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Your Horse and Your Happiness

The View

You’ve surely heard about the power of positive thinking.

Whether or not your eyes roll at the idea, it seems that study after study tells us that optimists, in general, do better than pessimists. Fewer sick days. Lower anxiety. Less stress. The benefits go on.

So how about when it comes to our horses?

To say that we have run hundreds of stories in TROT, over the years, where an underachieving horse begins to improve for his positive thinking owner, trainer or groom – is surely a modest estimate. It is a recurring theme that is somewhere in virtually every issue we run. This is not to say that replacing realism with fantasy will magically turn a low level claimer into a Breeders Crown winner. But positive thinking seems to play some role in success.

Most of us would agree that a horse feeling good about himself is more likely to perform, and stay healthy, than one who isn’t. But is it possible that how the humans around him feel and behave could play more of a role than we think it does?

Psychologists at Sussex University, confirmed in a study, published in Biology Letters (February 10, 2016) that the answer to that could quite possibly be, “Yes”.

Not only did they confirm that horses can read the emotions of those around them, but the study found that the physical reactions of horses change because of the moods of the people they interact with – even if those mood changes are expressed as subtly as a shift in facial expression.

“What’s really interesting about this research is that it shows horses have the ability to read emotions across the species barrier,” said Amy Smith, in an article in The Guardian. Smith is a doctoral student in the university’s mammal vocal communication and cognition research group. “We have known for a long time that horses are a socially sophisticated species but this is the first time we have seen that they can distinguish between positive and negative human facial expressions.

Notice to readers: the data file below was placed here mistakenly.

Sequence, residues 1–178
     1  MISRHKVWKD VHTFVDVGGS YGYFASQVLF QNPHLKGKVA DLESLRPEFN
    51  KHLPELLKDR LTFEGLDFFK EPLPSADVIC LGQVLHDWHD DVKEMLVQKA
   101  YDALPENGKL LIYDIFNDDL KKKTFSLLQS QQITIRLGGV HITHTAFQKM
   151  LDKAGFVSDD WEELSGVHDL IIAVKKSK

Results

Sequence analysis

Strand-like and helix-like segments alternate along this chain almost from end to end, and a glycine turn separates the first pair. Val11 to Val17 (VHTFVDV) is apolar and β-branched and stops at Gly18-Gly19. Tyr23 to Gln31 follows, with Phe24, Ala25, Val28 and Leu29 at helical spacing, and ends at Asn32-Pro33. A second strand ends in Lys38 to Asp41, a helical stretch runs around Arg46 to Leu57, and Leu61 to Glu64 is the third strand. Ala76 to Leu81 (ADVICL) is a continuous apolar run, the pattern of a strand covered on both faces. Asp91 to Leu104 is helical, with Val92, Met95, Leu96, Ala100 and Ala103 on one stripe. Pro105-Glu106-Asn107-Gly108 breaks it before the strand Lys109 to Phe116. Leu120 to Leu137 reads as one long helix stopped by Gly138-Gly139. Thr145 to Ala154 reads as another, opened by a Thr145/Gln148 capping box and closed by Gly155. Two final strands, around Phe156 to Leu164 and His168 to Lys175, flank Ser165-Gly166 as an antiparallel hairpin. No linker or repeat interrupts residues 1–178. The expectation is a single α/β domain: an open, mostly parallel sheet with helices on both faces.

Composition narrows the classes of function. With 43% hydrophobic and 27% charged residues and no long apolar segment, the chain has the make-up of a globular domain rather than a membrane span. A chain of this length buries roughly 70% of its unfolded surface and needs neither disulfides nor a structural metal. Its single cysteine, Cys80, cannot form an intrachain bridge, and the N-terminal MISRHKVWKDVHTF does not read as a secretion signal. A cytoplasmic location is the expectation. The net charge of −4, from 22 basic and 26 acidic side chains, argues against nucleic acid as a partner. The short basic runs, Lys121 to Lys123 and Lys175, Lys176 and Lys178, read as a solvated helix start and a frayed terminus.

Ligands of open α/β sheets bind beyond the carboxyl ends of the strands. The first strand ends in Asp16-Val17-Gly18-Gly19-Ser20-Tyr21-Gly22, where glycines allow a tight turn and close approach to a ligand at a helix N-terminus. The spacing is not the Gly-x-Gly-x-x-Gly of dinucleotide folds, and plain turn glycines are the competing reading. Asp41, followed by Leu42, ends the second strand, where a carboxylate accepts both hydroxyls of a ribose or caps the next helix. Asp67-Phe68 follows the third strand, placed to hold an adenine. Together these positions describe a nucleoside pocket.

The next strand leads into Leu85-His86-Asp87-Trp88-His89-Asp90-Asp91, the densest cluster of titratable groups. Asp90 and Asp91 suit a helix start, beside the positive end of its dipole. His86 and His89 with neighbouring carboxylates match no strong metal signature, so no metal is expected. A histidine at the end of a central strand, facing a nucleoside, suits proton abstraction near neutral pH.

“The reaction to angry facial expressions was particularly clear – there was a quicker increase in their heart rate, and the horses moved their heads to look at the angry faces with their left eye.” The left eye is generally associated with scary or threatening situations.

The study found that horses are so intuitive that not only can they read emotions of the people around them, but they can even sense it from photos of people. It also found that horses may have a better ability to sense subtle human facial expressions than dogs and chimpanzees – two animals considered to have very high awareness of human behaviour.

“These findings raise interesting questions about the nature of emotional expression recognition, including the relative roles of learning and innate skills in its development,” the scientists said.

As December rolls around, we always find ourselves talking about joy and happiness. But, quite frankly, the words, “Merry Christmas and Happy New Year” may lose a bit of impact when you hear it repeated 100 times every day.

Perhaps the mantra for horsepeople this year should be to look after yourself, focus on your own happiness and well being, surround yourself with positive energy, and walk into the barn each morning with the goal of giving out as much positivity as you take in.

Not only will you be happier and healthier for it, but your horses will be too.

Darryl Kaplan
[email protected]

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